Too Much Coffee Woman (bluebyrd) wrote,
Too Much Coffee Woman
bluebyrd

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O, dieses Mahagonny!

I've never been one for Bertie Brecht. I actually got into a pretty nasty discussion about the merits of his work once, after a performance of Die Mutter in Berlin. Since recently, however, I seem to have emerged as a bit of a martyr of the proletariat - fired after less than a fortnight for being too vocal, both generally (heh) and in terms of complaints about working conditions - I figured my interest in Weimar-Republic culture really should start extending into its musical theatre.

The piece and DVD recording I went for (Gemeentebibliotheek Utrecht, how I adore thee) was the 1998 Salzburg Festival production of Aufstieg und Fall der Stadt Mahagonny. I'd fully expected to sit through the whole thing once, maybe some parts twice, file the experience under "educational," or maybe "conversation pieces," and return the disc.

Instead, it blew me away. This is partially due to the efforts of Catherine Malfitano, Jerry Hadley and Dale Duesing (as Jenny, Jim Mahoney and Bill, respectively), but the music itself proved haunting in places where I'd been expecting catchy, and the satire actually hit home. Hard. Take the first part of the finale - a crowd in an American desert city chanting "We don't need no hurricane to destroy us, no typhoon - whatever nature can do to us, we can do to ourselves!" (O_o) Then after that, the "There's no helping a dead man" theme, centered around the electrocuted convict's body. I mean, wow.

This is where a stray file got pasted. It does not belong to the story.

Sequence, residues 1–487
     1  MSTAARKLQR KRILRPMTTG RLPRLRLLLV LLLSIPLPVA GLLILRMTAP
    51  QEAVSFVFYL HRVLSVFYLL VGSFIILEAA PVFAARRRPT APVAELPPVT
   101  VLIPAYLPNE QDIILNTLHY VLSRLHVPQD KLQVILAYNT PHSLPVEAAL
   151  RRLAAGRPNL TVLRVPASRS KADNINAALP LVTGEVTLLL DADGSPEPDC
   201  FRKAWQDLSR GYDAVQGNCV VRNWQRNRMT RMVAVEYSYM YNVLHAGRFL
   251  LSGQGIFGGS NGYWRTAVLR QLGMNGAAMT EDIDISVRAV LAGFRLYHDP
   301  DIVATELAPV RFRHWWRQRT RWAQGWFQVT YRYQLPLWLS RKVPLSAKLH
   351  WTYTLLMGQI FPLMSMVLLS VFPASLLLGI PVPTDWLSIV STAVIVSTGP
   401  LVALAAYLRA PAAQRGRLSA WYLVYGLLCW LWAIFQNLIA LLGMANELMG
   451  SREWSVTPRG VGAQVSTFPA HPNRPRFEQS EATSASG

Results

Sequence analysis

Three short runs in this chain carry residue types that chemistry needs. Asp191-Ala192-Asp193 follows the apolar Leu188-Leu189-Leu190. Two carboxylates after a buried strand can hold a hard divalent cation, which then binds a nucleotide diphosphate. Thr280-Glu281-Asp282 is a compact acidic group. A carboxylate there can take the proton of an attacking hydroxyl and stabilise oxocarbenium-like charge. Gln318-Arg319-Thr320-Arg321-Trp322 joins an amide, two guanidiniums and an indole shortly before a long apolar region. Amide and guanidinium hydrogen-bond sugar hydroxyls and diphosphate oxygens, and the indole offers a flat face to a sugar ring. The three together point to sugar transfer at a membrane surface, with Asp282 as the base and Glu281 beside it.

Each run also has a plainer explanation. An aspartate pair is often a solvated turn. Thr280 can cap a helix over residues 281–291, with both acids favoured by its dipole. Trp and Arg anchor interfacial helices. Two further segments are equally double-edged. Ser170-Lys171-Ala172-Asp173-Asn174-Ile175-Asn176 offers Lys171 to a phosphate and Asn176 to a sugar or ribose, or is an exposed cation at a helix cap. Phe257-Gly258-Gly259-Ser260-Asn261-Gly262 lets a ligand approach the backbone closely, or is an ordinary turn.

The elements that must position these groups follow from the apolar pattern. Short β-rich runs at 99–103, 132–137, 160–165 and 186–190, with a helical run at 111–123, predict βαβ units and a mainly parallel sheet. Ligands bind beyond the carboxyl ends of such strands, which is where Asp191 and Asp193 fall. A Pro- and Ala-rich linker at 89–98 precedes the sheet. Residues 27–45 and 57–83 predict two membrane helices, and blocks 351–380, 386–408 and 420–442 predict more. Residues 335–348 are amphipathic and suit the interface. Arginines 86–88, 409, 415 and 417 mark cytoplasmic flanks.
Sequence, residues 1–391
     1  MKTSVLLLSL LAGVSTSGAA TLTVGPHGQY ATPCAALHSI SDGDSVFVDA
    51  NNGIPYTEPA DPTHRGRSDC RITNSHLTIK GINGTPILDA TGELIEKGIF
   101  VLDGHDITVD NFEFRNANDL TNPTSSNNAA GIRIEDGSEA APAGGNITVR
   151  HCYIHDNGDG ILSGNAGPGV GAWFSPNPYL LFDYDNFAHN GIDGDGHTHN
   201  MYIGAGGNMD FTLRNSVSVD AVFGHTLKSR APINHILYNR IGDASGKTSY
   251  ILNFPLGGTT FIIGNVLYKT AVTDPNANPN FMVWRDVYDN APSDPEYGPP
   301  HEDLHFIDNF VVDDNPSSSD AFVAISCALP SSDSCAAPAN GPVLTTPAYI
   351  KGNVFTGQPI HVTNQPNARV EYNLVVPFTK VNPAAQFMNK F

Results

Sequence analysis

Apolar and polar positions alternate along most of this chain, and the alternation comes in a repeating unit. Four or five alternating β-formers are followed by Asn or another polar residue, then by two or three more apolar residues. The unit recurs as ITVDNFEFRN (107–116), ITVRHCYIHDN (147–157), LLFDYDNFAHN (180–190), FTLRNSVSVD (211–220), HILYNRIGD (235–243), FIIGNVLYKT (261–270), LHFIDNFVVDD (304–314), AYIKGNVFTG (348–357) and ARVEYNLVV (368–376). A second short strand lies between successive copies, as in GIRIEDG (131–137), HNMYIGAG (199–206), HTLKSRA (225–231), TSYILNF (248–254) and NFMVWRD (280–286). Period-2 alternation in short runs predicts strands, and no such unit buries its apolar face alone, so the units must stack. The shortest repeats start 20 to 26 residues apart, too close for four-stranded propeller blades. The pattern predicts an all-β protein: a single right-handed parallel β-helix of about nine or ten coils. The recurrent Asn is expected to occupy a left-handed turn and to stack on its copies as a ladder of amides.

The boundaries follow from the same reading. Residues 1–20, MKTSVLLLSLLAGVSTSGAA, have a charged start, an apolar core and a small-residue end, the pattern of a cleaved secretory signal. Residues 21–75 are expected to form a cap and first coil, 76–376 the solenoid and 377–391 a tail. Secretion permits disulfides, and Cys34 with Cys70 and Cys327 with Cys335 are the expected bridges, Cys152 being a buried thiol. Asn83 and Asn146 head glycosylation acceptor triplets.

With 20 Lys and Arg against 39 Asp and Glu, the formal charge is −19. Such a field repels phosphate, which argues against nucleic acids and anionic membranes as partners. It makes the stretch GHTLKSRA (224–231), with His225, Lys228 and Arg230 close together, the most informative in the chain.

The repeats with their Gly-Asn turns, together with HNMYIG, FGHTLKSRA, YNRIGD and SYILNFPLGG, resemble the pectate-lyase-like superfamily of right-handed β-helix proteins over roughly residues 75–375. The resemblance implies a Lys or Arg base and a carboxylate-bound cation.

Finally, the image that led me to retire Rodney and Liliana as my default avatar: Toby Spence in an impeccably outfitted cameo as the world's cutest widdle sociopath. Forgive me, Mr Spence, but I'm put in mind of Sinfest's Li'l Evil. Heh.

Oh, and Wilbur Pauley gets to sing the Bursar in Discworld: the Opera.
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